Arçelik, one of the world’s leading manufacturers in home appliances industry, is championing new IE4 energy efficient motors to combat increasing energy consumption.
Along with increasing renewable energy generation, improving energy efficiency is vital to balancing increased consumption and reducing the external dependency of energy resources.
At present, electric motors consume 35% of the electricity used in Turkey, as they are used in a wide range of industrial applications within many different sectors. According to an Industry Motor research study published by the Ministry of Science Industry and Technology, there are more than four million AC electric motors over 7.5 kW in Turkey and 80-85% of these motors are classified in the ‘inefficient’ energy class.
Improving energy efficiency in electric motors is of utmost importance to leading white-goods, consumer electronics, industrial motors and compressors manufacturer, Arçelik. The company maintains its leadership in its home market and is the third largest player in the European home appliances industry. Arçelik provides products and services in more than 130 countries. It also operates sales and marketing offices in 31 countries, 11 brands and 18 manufacturing facilities in 7 countries, with a total workforce of 30,000 employees worldwide.
Arçelik passionately nurtures its global growth with greener production, better utilization of natural resources and sustainable business processes. This philosophy has helped Arçelik to become a multiple international award-winner for innovation, technology, resource efficiency, design and production. Arçelik pioneers the design and manufacture of green products, which are the best in their class in terms of energy efficiency, water efficiency and noise reduction.
Hakan Gedik, team leader of Arçelik’s Industrial Motor (WAT&TEE) R&D department, wants to turn the current inefficiency figures on their head. On Wednesday 16th November, he addressed an audience of academic researchers, motor users and original equipment manufacturers (OEMs) at the CWIEME Istanbul exhibition for coil winding, insulation and electrical manufacturing in a seminar entitled Energy Efficiency in Induction Motors, Synchronous Reluctance Motors and Permanent Magnet Synchronous Motors. This was the second time Gedik had spoken at the event, having also presented at last year’s inaugural exhibition.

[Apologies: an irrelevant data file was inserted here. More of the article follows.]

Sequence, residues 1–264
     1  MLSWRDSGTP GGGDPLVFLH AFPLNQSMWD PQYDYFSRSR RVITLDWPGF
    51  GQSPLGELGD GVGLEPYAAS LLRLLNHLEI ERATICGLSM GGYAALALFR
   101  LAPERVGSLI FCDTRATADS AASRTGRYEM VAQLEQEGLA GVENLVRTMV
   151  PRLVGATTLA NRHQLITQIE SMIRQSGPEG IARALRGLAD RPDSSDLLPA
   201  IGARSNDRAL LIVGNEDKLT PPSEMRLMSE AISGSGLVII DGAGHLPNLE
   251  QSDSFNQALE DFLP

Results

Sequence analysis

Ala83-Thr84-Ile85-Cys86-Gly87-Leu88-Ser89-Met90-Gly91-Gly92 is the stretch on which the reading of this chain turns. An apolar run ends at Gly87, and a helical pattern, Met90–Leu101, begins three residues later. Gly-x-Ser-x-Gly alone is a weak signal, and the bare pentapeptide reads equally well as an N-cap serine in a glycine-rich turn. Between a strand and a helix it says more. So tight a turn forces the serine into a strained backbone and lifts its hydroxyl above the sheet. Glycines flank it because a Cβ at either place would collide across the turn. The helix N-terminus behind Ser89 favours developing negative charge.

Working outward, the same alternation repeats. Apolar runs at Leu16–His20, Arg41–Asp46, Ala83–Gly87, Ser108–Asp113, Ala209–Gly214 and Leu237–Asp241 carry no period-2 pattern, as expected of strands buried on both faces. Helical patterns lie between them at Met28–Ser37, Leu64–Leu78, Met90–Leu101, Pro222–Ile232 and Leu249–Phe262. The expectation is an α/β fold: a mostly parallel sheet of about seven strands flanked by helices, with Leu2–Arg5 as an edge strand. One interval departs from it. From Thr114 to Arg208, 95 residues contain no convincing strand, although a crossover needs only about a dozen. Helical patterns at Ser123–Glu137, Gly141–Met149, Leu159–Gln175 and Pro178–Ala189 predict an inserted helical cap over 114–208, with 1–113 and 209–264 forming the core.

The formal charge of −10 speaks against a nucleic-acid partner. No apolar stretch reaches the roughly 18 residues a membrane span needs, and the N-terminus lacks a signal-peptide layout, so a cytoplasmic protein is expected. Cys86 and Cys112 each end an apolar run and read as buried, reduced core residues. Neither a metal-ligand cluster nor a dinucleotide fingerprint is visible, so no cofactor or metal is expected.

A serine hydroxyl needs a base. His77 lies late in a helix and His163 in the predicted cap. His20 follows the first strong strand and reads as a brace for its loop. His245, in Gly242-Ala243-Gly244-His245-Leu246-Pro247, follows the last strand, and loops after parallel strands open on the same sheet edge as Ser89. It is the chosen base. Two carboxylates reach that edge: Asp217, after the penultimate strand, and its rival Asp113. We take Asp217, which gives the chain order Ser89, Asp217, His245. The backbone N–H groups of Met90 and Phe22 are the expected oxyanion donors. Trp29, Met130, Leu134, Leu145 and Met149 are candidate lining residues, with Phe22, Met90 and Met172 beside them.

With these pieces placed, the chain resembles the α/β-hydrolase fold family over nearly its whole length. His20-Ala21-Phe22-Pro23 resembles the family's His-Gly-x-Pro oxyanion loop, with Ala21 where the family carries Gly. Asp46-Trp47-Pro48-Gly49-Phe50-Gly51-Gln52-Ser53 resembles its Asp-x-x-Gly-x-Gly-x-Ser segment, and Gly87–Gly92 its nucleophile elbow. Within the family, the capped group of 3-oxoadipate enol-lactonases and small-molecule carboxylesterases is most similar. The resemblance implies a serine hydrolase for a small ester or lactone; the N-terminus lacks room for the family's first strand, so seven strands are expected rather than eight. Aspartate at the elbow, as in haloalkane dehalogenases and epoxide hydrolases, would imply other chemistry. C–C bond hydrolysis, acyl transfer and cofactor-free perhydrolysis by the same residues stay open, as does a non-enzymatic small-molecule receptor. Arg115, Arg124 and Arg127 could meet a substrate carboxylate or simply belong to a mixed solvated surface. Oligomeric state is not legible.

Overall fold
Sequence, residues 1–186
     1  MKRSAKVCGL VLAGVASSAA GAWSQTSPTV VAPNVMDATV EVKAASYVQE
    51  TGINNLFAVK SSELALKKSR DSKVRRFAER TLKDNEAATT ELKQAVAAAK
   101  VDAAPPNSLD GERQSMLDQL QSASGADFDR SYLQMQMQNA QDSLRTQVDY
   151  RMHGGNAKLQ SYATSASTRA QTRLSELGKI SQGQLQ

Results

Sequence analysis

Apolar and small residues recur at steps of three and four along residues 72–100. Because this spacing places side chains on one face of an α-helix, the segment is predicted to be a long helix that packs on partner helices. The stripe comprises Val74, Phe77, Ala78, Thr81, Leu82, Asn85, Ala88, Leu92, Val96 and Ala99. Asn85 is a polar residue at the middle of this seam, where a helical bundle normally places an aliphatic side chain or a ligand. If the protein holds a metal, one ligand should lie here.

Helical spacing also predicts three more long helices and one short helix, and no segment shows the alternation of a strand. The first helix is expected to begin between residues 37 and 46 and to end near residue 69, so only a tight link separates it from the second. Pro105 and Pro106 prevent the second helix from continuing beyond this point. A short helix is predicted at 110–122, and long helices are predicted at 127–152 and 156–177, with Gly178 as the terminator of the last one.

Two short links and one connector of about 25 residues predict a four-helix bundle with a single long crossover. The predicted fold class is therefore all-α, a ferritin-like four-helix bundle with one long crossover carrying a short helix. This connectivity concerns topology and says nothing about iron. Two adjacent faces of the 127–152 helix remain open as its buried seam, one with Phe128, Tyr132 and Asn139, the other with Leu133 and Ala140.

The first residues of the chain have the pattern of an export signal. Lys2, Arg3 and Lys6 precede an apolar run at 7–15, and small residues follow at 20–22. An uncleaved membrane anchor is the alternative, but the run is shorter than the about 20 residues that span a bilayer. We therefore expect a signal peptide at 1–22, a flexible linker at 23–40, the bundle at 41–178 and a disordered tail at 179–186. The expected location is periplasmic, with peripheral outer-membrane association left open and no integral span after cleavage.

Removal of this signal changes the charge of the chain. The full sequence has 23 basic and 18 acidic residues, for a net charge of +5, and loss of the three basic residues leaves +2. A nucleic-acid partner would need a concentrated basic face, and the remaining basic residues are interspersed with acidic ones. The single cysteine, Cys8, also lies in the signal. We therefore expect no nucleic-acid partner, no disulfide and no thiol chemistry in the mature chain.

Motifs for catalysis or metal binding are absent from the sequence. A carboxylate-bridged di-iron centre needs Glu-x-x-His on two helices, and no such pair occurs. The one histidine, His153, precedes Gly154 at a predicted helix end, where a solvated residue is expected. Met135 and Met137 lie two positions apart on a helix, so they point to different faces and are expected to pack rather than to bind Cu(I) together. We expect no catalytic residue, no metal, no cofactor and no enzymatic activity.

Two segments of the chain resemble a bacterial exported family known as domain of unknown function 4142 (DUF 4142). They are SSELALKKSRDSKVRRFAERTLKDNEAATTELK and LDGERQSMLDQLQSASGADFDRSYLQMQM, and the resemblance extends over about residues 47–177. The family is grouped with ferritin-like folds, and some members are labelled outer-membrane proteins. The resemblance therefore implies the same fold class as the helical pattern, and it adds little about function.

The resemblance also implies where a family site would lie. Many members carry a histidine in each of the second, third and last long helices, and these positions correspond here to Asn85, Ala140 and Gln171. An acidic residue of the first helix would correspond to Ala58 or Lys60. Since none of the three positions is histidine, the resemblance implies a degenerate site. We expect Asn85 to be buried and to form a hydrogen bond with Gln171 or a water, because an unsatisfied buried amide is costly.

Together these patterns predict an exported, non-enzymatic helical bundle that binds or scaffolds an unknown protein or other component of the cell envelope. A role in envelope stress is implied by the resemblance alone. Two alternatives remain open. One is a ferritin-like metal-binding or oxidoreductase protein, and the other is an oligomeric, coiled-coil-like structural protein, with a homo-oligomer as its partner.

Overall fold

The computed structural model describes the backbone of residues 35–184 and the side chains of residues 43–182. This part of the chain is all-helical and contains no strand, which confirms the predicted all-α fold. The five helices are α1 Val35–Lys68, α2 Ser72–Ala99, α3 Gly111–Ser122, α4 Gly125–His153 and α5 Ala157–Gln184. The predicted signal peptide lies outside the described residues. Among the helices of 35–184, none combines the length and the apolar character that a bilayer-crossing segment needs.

“The cost of replacement of these inefficient motors with IE3 efficient ones is approximately $4.3 billion,” said Gedik, who studied Electrical Engineering at Istanbul Technical University. “However, they will generate annual savings of $2.5 billion, meaning the investment of energy-efficient electric motors will be amortized over 1.7 years. Considering the electric motor will work for 10 years, the return time of this investment is very short.”
The replacement of inefficient motors with efficient ones will also have a positive impact on greenhouse gas emissions. “The largest share of greenhouse gas emissions in our country is in the energy sector,” he explained. “About 70% of the electricity used in the industry is consumed by electric motors; improving efficiency will help to reduce CO2 emissions.”
Although IE3 efficiency is acceptable, the industry is constantly striving to increase energy savings even further.
IE4 and beyond…
“When we look at the use of compulsory motor efficiency classes required by regulation for industrial motors, we see that IE3 provides the highest efficiency in its class,” Gedik said. “However, IE3 efficiency was created using similar methods used to create IE1 and IE2; in other words, it has its limitations. When the revised IEC 60034-30-1 EU regulations were announced in March 2014 – calling for greater efficiency – we knew we had to think differently to create IE4.
“While we used asynchronous motors, such as induction motors (IMs), to create IE1, IE2 and IE3, permanent magnet synchronous motors (PMSMs) and synchronous reluctance motors (SynRMs) have been introduced to create the efficiency levels required for IE4,” he explained.
Across the industry, motor producers are finding it much easier to access the desired level of efficiency with PMSM and SynRM. “IMs will remain in use as they still have their advantages,” Gedik concluded. “However, we’ve opened the door to the future of energy efficiency, not just in Turkey but globally. It’s an exciting time to be in the industry.”